If you are thinking of joining the Mississippi Teacher Corps, or any alternative route teaching program, please, consider the following:
Every day I wake up at 5:30, eat a little something, take a shower, and drive off to school. I am there before most teachers and the principal, getting things ready for the bright new day. Each morning during this time I have big dreams of how the lesson I spent 6 hours on the night before won’t be delivered to deaf ears, but will turn out amazing and the kids will learn and retain SO much in 50 minutes. It’s a peaceful beginning, that ends with unknown but typically frustrating pull-your-hair-out feelings of intense dissatisfaction and lack of fulfillment.
Let’s stop before we go on. Now, before you discount this advice as ramblings, remember you and I are really the same. If you are considering joining such a program to become a teacher and you’re trying to read up on the pros and cons, remember I was exactly in your shoes not too long ago. Except, my vision was clouded in a such a way that I discounted any negative sounding advice about becoming a teacher (teacher burn-out, under-appreciation, non-stop crying, etc. etc.) and replaced it with all the ideas of the positive impact I would be making on my children and the community by becoming that rock and safe harbor. I would whip this school into shape and shame those teachers for allowing their school to sink to such a level that allows such a young, under-qualified, big dreamer such as myself to enter through those doors.
Okay, back to how I feel, or rather, back to how you will feel as I do now. Exhaustion. You’ll be exhausted everyday. Everyday. And not the feelings of exhaustion that you are familiar with currently. Really, remember that one time you pulled that all nighter in college and how tired and zombified you felt the next day? Remember how you were sleepy all day and then you got done with classes and crashed on your dorm bed at 2:30 and slept until 7:00 at night? Grabbed something to eat and were just brain-dead for the rest of your night? Well, take away the nap, because you’ll have to plan for the next day in that time, and get ready to allow your mind and body to experience exhaustion like it never has before.
Let’s regress back to that frustration you will feel each day. You will not just feel frustrated all the time because your students don’t understand the gibberish that comes out of your mouth, but you may vary well even feel real anger and sincerely want to hurt someone. You will slowly realize that your students and no one appreciates you for the the long hours you spend making that perfect lesson, because it turns out: 1) it’s not perfect, and 2) even if it was perfect, no one cares but you, so stop searching for appreciation at this point in your journey (yet know that it will come, and is coming, in ways you don’t yet fully realize—spoilers).
Alright, I hope by now, you have seen a glimmer of the depression you will undoubtedly feel—and no, you won’t be that 5% of teachers who are simply just born teachers, who don’t experience this, so stop holding out hope for that. And, stop. OK, let’s move on to some others things you might feel, or should be looking forward to feeling. Because if you don’t hold out hope for some happy thoughts, this job will consume you and you will quit before your time.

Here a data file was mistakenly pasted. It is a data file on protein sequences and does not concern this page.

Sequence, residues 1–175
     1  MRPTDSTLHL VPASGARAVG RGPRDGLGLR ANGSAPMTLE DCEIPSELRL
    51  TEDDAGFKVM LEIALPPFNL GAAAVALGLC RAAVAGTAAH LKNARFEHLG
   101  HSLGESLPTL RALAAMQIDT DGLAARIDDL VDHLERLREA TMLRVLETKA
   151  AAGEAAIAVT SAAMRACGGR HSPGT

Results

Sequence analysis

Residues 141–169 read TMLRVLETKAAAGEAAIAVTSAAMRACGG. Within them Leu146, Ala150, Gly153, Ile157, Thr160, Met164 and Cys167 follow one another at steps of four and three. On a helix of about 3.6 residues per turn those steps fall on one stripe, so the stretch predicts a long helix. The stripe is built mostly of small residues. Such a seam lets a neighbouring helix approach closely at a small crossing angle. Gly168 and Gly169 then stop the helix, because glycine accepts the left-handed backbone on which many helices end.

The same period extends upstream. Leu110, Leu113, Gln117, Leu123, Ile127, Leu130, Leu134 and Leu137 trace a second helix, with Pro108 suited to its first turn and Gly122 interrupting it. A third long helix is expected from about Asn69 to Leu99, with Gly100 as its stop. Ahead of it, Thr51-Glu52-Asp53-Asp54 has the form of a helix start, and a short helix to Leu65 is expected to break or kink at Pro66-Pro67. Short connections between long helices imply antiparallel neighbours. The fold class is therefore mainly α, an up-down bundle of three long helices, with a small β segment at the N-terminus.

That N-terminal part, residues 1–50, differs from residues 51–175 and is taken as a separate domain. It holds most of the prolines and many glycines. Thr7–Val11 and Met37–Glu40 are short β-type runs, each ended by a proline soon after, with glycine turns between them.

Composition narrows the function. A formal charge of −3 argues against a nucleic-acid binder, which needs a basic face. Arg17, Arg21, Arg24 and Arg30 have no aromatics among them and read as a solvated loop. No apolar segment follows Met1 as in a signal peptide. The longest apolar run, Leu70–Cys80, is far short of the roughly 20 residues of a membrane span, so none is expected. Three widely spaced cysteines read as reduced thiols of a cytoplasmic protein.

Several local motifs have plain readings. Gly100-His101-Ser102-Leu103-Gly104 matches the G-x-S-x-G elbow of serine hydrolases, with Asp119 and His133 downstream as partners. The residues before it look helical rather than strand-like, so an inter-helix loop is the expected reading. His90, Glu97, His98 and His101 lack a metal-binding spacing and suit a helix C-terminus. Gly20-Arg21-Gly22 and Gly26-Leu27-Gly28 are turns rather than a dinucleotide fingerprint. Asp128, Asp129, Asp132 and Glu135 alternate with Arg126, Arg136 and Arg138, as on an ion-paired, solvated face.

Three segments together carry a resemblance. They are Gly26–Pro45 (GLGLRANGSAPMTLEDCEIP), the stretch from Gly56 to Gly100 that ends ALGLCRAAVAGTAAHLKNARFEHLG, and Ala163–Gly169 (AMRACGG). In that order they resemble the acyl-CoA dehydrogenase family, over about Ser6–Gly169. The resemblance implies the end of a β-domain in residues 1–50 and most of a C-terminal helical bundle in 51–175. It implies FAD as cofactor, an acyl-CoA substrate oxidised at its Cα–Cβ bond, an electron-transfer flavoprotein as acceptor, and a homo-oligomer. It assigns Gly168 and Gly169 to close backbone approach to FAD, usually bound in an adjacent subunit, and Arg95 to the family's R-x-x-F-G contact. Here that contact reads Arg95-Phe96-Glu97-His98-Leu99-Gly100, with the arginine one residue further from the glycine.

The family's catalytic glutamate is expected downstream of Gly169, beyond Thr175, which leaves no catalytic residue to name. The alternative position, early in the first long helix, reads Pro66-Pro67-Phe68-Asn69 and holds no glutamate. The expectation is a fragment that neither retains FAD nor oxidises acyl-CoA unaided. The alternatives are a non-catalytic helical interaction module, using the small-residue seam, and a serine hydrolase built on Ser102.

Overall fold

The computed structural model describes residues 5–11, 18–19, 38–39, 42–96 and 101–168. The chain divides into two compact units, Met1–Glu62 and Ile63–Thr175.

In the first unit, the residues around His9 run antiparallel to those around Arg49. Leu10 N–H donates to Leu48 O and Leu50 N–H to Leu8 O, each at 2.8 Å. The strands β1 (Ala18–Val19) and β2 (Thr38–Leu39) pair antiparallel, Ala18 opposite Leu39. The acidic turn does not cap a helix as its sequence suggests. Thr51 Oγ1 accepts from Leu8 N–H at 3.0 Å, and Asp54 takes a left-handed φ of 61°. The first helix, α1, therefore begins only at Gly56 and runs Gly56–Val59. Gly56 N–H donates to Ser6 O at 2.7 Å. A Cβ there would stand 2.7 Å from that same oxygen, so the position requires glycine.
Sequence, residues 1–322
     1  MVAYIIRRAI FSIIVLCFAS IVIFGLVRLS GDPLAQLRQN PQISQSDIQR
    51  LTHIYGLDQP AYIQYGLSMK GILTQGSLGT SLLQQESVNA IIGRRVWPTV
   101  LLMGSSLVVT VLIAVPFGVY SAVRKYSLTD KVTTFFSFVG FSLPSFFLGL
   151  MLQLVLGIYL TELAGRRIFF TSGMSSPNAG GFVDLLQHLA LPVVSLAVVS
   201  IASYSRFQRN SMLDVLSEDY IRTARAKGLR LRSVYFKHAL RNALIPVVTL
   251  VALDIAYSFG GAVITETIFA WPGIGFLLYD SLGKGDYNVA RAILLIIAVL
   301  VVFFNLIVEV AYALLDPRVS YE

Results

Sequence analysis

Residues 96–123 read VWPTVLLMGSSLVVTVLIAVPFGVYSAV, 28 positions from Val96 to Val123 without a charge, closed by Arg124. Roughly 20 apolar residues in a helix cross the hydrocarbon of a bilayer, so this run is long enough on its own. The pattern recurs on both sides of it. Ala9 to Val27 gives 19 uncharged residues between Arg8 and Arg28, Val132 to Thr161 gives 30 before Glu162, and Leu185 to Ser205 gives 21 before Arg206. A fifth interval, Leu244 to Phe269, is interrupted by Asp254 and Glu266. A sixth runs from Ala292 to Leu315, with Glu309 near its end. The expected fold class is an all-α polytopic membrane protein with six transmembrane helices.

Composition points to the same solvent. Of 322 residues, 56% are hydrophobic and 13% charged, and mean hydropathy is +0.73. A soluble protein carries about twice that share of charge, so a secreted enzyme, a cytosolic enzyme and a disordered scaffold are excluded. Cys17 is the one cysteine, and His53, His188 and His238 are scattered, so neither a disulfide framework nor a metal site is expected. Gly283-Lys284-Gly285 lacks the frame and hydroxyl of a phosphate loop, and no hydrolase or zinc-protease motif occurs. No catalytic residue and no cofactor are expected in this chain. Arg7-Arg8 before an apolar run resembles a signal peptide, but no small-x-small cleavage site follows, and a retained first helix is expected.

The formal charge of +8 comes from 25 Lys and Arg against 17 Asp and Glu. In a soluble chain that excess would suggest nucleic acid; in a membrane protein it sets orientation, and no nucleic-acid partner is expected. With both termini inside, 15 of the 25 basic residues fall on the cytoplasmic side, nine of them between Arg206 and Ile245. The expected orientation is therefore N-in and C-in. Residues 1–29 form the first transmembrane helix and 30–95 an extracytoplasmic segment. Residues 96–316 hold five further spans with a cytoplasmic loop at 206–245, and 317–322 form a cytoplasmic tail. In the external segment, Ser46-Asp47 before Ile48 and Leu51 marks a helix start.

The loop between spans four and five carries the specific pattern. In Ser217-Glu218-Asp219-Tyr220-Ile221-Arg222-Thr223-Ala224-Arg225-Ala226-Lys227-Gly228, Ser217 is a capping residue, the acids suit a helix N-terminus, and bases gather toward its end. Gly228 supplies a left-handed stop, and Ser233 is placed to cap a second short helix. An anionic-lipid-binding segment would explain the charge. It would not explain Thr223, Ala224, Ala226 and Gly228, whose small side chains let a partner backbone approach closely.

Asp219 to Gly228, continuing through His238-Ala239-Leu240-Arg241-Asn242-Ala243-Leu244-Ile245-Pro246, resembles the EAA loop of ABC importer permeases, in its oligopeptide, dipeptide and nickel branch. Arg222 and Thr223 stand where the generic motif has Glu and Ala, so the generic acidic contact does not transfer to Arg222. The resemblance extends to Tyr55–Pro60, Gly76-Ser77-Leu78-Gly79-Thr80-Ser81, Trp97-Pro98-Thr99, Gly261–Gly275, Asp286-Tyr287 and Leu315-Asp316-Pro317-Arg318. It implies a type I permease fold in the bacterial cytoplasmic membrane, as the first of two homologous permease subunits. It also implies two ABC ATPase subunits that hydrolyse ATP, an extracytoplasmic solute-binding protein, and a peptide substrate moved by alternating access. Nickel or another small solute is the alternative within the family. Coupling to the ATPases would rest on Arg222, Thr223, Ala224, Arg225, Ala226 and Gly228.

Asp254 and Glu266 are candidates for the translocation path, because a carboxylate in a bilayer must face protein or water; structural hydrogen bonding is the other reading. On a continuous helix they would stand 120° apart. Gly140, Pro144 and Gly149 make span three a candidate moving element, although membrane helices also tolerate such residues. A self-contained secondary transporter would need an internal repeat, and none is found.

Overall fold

Everyday along with having a headache, getting frustrated, and being angry at my position in life, I smile, laugh, and love what I’m doing. I love spending six hours on a lesson the night before and getting the feeling of excitement that my little 6th graders will hopefully get just as excited as I am about Newton’s Laws of Motion, or any science topic that we’re learning about next. I absolutely love kids sneaking to my room in the morning saying, “Good morning Mr. H” to me in the morning, then running out of the room to their homeroom where they were supposed to be in the first place. I love the feeling of excitement that I get every time, it’s happening daily now, one of my children who I never expect to get the right answer answers a question dead on and I have them repeat it to the class, “SAY THAT AGAIN LOUD AND PROUD LAMARCUS!” “DID EVERYONE HEAR THAT?” “I SAID LOUD AND PROUD LAMARCUS!!” “YES, YES, PERFECT!!” I love that I can be a role-model and a confidant to my kids that I have earned trust from. I love those perfect management days I have when I’m on firing at the beginning of class dishing out the consequences, as the remainder of the period runs smooth like melted butter and the kids actually learn something. I love the anticipation of breaks, Fall break, Thanksgiving break, Winter break, Spring break. I get just as excited as the kids get at the anticipation of a snow day. I love that my room is my fortress that I’ve poured my life into and each student helps build it and break it down each day. I love that I try to make us family each period for 50 minutes every day, even though it never seems to work, I love that I can push my ideals onto these young minds just by the way I am naturally. We should all love one another and treat others with respect, be it the person sitting next to you, the bee that flies into the room, or the mouse that has found a home on the piles of writing assignments.
So, in short: should you join MTC? If you want to make meaningful difference in the lives of a couple kids who need someone like you most in their lives and want to learn how to be a good teacher, then yes. However, if your mission is to save some people from their situations, and be a superman, then no, please, no, you will not succeed at this.
Regardless your decision, if you do join you will fail miserably at what you set out to do. How you cope and grow from failing is what makes you a good teacher, a bad teacher, or just a quitter.